U.S. Department of Agriculture building

The USDA's Coronavirus Food Assistance Program is another ad hoc farm program that will sharply increase direct farm payments. 

The U.S. Department of Agriculture recently announced the Coronavirus Food Assistance Program. Like the Market Facilitation Program, this is another ad hoc farm program that will sharply increase direct farm payments. This week’s post is a review of direct farm payments and a look at what might be in store for 2020.

Direct payments increase

Figure 1 shows inflation-adjusted direct farm payments since 1933 – in 2020 dollars. The jump in direct payments in 2019 grabbed a lot of attention but context is always important.

The first point to keep in mind is there is a base level of program payments between $10 billion and $15 billion. Before the trade war the Agriculture Risk Coverage, Price Loss Coverage and conservation programs accounted for most of the dollars spent. At about $4 billion annually, conservation spending was the largest category in the USDA’s February estimate for 2020. It edged out combined spending on Agriculture Risk Coverage and Price Loss Coverage.

To really dig into direct payments through time one should consider net government transfers. One way of thinking about direct payments is they act as a mechanism for offsetting a portion of the local and state-level property taxes that producers face.

The second point to consider is that direct payments have typically increased during challenging times in the farm economy. Most notably in the late 1980s, late 1990s and early 2000s direct payments exceeded $30 billion. Most recently direct payments were $14 billion in 2018 and $24 billion in 2019.

Share of farm income varies

Another way of considering direct payments is as a share of net farm income. In 1983 direct payments accounted for 65 percent of net farm income. It should be noted that net farm income in 1983 was at rock bottom and direct payments approached what were for that time historically inflated amounts. Between 1983 and 1993 direct payments accounted for an average of 32 percent of net farm income.

In 2019 direct payment accounted for 25 percent of net farm income. Just a few years earlier direct payment reached 21 percent of income in 2016 when income slumped and Agriculture Risk Coverage and Price Loss Coverage payments jumped.

We previously noted producers should keep a similar measure in mind for their operations. Market Facilitation Program payments while helpful were ad hoc and not guaranteed in upcoming years. That made it important to consider the magnitude of such payments when evaluating financial performance in 2018 and 2019. As we look ahead that will likely be an important consideration for producers in 2020 as well.

Looking Ahead

In February the USDA estimated $14.98 billion in direct payments to producers in 2020. That figure included $3.6 billion in Market Facilitation Program payments from 2019 production that was paid in 2020 – the final 25 percent was paid in early January.

The USDA’s Coronavirus Food Assistance Program announcement in May noted $16 billion would be direct payments. A large share of Coronavirus Food Assistance Program funding would go to livestock producers, who were mostly left out of Market Facilitation Program payments. About $5 billion went to cattle producers and $3.5 billion went to row-crop producers.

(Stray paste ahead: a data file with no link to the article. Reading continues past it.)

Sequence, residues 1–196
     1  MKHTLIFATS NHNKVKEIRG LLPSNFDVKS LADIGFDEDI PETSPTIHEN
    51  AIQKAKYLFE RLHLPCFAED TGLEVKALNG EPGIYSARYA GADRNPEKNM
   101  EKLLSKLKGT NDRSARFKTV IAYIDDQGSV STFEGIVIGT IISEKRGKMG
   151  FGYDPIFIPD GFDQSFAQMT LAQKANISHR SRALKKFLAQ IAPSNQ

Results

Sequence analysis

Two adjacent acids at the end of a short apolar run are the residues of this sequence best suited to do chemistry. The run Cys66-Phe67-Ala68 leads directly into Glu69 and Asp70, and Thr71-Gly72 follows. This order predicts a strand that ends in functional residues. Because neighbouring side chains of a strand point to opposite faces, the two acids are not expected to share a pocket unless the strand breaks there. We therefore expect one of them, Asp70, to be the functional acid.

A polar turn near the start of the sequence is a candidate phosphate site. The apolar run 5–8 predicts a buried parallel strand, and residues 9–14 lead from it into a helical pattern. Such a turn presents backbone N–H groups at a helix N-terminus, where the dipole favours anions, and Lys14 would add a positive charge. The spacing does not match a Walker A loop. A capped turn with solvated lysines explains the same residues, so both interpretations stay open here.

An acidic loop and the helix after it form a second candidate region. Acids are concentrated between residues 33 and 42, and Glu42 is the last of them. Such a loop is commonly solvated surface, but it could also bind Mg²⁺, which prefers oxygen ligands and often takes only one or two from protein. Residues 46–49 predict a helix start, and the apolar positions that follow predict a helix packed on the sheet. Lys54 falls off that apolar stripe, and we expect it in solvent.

Figure 3 shows direct payments through time, along with estimates for 2020. The first 2020 estimate, in orange, is the USDA’s February value. That now-outdated estimate would have represented a sharp decline from 2019 but a return to normal. In black is our May 2020 estimate of $30.98 billion – the USDA’s February estimate of $14.98 billion in addition to $16 billion from the Coronavirus Food Assistance Program. That’s to say that all signs point to direct payments in 2020 approaching record levels.

That said there are three considerations to keep in mind.

  • Agriculture Risk Coverage and Price Loss Coverage payments made in 2020 for 2019 production could increase from the initial February estimates. A majority of crops for the 2019-2020 market year were sold before prices decreases so some adjustments are likely.
  • The Coronavirus Aid, Relief, and Economic Security act is set to replenish in July the USDA’s Commodity Credit Corporation account with $14 billion. It’s unclear how this money will be used but it could be spent for additional direct payments.
  • There could be further legislative action. For example there have been calls to increase the Commodity Credit Corporation’s line of credit, and the U.S. House-approved HEROES Act included some $16 billion in additional direct-payment funds.

The USDA’s next update of the data will be in August. Between now and then it’s possible for some combination of Congressional and/or administrative action to result in new or expanded programs. To that point keep in mind that the Coronavirus Food Assistance Program in May did not include support for row crops raised in 2020.

Wrapping it Up

We’re not interested in debating the pros and cons of government support in agriculture. Furthermore we’re not arguing what an appropriate level of funding in 2020 should be. But it’s important to describe the facts of the situation. Direct farm payments have been an important source of financial support for farmers through the years. Those payments have typically increased during times of farm financial stress. Direct payments in 2020 are positioned to increase significantly, with additional programs and payments still possible. The possibility of direct payments hitting – or even exceeding – historic records underscores the challenges facing an already precarious farm economy.

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David Widmar is an agricultural economist with Agricultural Economic Insights.